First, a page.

N: At the time, it was before the film and a lot of the dancers that I've known were from cabarets and you do change contracts every months and whatever, but basically the aesthetic in cabaret is the same. You are pulled up, with the long legs with the heels on. So cabaret dancing is like that. And this person in Monaco was living there and I wanted to move to Paris so the contact was made that way. But it wasn't like…it's funny because before I went to Monaco, it was - I was living here and I walked by the Moulin Rouge and I'd go " Oh - I could never go in there, those girls must be so good, all the training they must have had…. and it's true, we are, you know, a quite good level of dancing and very professional dancers, but at the time, I didn't realize you know, it's also a place where they do train you into that image. You have 2-4 weeks of rehearsals depending on which line you do and if you learn a new place, you also have rehearsals for that and so you're kind of trained into the image so that in the show, all is homogenous. Cuz we've had some girls now come in who do mostly hip hop and funk and everything, and there's a little bit of that in the dance, but it's not that type of show.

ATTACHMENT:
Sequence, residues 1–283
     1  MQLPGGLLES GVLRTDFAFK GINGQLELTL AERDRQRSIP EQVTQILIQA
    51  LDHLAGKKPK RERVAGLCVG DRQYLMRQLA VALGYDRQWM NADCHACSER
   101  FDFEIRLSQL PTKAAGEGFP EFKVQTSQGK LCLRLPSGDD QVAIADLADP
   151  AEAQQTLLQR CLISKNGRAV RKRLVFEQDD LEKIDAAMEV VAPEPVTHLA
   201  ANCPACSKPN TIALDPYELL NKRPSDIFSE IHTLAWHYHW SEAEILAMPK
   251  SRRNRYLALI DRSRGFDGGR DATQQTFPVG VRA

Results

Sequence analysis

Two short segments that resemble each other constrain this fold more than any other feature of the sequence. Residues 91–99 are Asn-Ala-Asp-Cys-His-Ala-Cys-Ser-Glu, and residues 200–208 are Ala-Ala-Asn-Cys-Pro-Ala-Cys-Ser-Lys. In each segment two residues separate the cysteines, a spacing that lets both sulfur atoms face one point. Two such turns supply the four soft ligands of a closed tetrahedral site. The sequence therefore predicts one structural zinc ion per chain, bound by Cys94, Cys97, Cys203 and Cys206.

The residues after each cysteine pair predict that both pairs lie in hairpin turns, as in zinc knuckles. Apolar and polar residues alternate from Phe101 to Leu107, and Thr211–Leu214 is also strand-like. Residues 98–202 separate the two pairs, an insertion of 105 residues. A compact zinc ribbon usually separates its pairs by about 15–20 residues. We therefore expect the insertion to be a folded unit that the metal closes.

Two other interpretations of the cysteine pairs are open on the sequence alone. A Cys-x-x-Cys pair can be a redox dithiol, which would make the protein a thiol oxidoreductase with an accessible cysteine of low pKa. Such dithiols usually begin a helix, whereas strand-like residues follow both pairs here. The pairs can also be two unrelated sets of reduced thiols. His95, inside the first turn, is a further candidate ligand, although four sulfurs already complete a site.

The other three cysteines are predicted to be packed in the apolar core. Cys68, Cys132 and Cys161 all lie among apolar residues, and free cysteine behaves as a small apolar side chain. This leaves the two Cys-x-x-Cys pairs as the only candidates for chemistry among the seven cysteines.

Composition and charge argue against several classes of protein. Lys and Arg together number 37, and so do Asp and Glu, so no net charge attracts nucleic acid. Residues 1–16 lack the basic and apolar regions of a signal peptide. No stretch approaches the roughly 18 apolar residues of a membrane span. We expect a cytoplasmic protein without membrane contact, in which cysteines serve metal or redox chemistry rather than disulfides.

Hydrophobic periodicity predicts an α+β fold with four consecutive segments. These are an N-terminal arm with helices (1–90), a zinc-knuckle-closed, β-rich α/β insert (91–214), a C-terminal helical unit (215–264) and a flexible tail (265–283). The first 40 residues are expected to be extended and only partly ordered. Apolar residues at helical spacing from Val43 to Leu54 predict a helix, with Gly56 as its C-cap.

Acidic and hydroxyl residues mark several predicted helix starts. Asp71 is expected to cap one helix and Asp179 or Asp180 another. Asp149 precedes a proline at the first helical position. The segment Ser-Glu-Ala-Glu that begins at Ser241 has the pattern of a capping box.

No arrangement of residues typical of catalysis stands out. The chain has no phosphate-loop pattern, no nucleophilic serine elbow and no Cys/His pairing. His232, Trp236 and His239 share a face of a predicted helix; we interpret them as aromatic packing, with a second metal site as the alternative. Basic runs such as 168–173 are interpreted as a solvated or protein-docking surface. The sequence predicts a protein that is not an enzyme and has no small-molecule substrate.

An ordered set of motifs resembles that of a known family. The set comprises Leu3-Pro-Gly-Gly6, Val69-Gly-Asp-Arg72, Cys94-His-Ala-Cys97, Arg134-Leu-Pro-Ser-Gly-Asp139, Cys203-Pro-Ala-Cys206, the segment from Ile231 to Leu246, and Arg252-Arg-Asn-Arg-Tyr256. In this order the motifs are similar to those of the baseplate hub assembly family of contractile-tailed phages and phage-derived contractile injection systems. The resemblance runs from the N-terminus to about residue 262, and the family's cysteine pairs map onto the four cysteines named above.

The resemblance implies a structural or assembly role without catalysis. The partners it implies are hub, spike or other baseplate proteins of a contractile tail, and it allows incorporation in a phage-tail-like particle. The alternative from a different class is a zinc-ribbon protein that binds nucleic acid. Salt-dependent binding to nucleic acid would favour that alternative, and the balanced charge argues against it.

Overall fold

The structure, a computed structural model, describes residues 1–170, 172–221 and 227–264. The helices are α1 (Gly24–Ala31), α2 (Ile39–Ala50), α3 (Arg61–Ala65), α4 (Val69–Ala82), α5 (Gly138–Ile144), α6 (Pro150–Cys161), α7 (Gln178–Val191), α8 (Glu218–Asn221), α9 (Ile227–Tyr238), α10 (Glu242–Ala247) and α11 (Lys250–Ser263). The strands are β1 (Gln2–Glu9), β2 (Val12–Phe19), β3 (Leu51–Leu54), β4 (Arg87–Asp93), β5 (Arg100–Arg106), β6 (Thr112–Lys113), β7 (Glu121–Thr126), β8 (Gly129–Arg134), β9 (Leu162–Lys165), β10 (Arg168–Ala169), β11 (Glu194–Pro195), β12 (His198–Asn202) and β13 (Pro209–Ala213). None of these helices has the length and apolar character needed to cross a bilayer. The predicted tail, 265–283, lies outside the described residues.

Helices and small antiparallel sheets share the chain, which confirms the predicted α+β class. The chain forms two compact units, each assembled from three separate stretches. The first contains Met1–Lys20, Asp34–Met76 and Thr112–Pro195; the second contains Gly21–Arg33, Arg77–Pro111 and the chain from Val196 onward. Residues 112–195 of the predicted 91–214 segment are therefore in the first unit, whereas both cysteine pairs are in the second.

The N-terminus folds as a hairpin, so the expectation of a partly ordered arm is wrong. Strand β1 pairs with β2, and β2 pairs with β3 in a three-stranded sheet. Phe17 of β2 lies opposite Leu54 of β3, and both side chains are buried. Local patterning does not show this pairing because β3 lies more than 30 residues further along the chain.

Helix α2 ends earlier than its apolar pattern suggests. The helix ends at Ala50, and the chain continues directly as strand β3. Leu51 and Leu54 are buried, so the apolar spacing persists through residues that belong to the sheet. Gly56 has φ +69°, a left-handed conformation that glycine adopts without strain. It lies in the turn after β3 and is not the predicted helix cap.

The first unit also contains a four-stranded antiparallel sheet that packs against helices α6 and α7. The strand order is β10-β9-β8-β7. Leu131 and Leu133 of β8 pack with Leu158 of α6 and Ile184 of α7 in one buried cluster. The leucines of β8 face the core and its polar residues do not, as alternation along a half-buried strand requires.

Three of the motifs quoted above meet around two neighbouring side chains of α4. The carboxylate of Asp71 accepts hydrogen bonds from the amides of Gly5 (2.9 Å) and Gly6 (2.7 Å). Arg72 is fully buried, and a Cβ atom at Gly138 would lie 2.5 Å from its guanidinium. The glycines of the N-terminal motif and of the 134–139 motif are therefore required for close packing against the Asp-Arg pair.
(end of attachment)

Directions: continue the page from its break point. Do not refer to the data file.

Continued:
MG: Is everybody the same height? Like in the Rockettes?
N: no. But illusion - the way that you line up, make the lines. It gives the illusion that we're all the same height.
MG: Oh ok. But you weren't intimidated by the fact that they wanted you to be thin and tall and long legged.
N: No, cuz at the time I was. There is a height and weight requirement and usually you have to maintain that because the direction hires you, they hire the image that you are that day and you have to keep that. For example, if I got hired looking like this, then I should stay like this for the entire duration that I am here. Not have excessive weight gain, not excessive weight loss either…not change my hair color…
MG: Do they weigh you?
N: You do get weighed. If they see you're gaining weight, you do.
MG: How was your first performance here? Were you nervous?
N: Great…Great. My rehearsals were just hellish so I was so happy to finally get on stage. I mean it wasn't awful, but we had this cancan master…Italian cancan master - Moulin Rouge. Ricero. I adore him now but in my first week, I remember I had to do a round off and two back hand springs - that's the opening for my solo- he made me repeat that twenty times in a row - over and over and over again. I guess I needed it…in the end; it was so much easier after that
MG: I guess it's like any art form - you have to do it so many times - it's really grueling but as you said, it finally gets easier. So you weren't nervous - you just went on. After wards, did you feel like "oh my god, I'm actually here!"